When it comes to debate, “to TDD or not to TDD” is right up there with “rent vs. buy”, “Batman vs. Superman” and “Chocolate vs. Vanilla”. Like the other debates, there is only one right answer to this question:
It depends on the situation.
The amount of Test Driven Development (TDD) to practice works best when viewed on a spectrum. There are situations where TDD saves a lot of time and effort, but there are situations where it does the opposite. This mostly depends on which stage the business is at and how important it is to get things right.
Let’s start at the beginning.
In the beginning, a startup is created from nothing. The founders make an educated guess about what the marketplace needs and set out to create a solution. Often times, the guess will be incorrect or incomplete. The company will need to pivot to a different area or drastically change it’s business model based on early customer feedback.
At this stage, TDD makes little sense. Business requirements will change which means the code will change. What you wrote last week might be thrown out or completely re-written. It will be completely unrecognizable from its original self.
If you had spent time writing tests at this stage, too bad. They too would need to be thrown out or completely modified. It’s a lot of extra work for very little benefit.
If you do choose to do TDD at this stage, understand that it’s very risky because you are putting faith in the idea that the business will not change. The experience of many startups shows that this is a rare case.
Your company may be an exception but it’s doubtful. If you are going to have a big impact right from the start you may want to go ahead and implement TDD in your development process. For example, if you are developing an stock trading algorithm that will be processing hundreds of millions of dollars out of the gate, let’s hope for the sake of humanity you put tests in place lest you end up like Long Term Capital Management.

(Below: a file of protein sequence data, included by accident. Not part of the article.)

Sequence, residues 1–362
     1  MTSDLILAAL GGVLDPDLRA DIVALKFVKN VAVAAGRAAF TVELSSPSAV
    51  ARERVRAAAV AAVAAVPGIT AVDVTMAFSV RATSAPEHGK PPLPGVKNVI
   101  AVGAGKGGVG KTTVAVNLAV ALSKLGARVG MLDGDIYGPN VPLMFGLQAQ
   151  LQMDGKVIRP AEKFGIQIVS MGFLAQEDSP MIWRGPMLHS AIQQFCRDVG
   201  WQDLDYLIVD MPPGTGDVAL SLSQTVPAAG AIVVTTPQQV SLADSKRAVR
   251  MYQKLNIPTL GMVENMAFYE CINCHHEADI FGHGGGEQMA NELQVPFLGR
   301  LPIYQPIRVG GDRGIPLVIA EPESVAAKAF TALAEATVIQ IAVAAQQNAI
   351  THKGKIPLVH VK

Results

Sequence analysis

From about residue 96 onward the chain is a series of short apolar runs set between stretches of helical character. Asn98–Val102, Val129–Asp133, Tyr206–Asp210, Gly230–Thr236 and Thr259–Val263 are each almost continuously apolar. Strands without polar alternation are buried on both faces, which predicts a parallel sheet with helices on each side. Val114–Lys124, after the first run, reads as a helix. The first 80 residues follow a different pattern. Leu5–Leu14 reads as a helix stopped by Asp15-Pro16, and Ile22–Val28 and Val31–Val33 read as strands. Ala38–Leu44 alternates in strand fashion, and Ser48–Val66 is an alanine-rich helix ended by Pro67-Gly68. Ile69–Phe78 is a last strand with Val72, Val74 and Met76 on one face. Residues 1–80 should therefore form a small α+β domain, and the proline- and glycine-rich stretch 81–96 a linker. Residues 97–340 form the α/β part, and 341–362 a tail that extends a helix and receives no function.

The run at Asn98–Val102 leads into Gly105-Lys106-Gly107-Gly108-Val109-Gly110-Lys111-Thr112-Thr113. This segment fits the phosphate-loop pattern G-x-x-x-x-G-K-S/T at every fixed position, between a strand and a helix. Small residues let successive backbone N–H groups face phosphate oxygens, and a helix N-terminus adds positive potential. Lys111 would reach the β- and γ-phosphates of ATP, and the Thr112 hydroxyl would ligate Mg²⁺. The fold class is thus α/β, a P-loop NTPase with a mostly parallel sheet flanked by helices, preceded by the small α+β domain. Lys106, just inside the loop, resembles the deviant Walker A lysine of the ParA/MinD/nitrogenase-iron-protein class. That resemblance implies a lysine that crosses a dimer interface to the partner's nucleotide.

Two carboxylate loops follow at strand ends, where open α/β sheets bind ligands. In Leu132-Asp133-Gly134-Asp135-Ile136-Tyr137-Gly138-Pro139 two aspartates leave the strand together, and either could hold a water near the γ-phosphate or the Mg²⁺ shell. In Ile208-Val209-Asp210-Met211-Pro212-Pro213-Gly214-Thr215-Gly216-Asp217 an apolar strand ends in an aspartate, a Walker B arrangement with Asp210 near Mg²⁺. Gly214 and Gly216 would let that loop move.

If you do decide to go ahead with TDD at this stage, limit it to the very important things that probably will not change that much like payment processing, for instance.
Growth or Product/Market Fit
If a startup gets to the point where they reach product/market fit, this is the stage where the company should invest more resources in testing. Hopefully cash flow is increasing, the sales processes are being defined and more customers are coming through the doors and staying. This should result in the company having more resources available for testing. Your software should start to become more stable. You’ll probably notice that there are parts of the codebase that don’t need to be touched that much anymore.
At this stage, the first kind of testing you will want to get in place is regression testing. Put processes in place in your software development lifecycle whereby when a bug is found, the developer in charge of fixing it first needs to write tests that will catch the bug if it occurs in the future. The bug came up once. Don’t let it come up again.
It can be tempting to ignore testing at this stage but it’s a major risk if you do. It’s tempting to ignore because the developers haven’t experienced any testing at this company until now. They may think “Why start now?”.
It can be risky to ignore testing at this stage because depending on how poorly or well thought out your codebase is, you could be in danger of becoming one of those software companies that plays whack-a-mole. You fix one bug but several others pop up. If you’re offering a stellar product that has no competitors, this is probably a risk you can handle. If you’re in a crowded marketplace, the more bugs users encounter, the more likely they may start to look elsewhere for a product that doesn’t irritate them as much.
BDT – Bug Driven Testing – is a way to ease your development process into a more test-like approach. Developers like efficiency and there’s nothing efficient about having to solve the same bug more than once.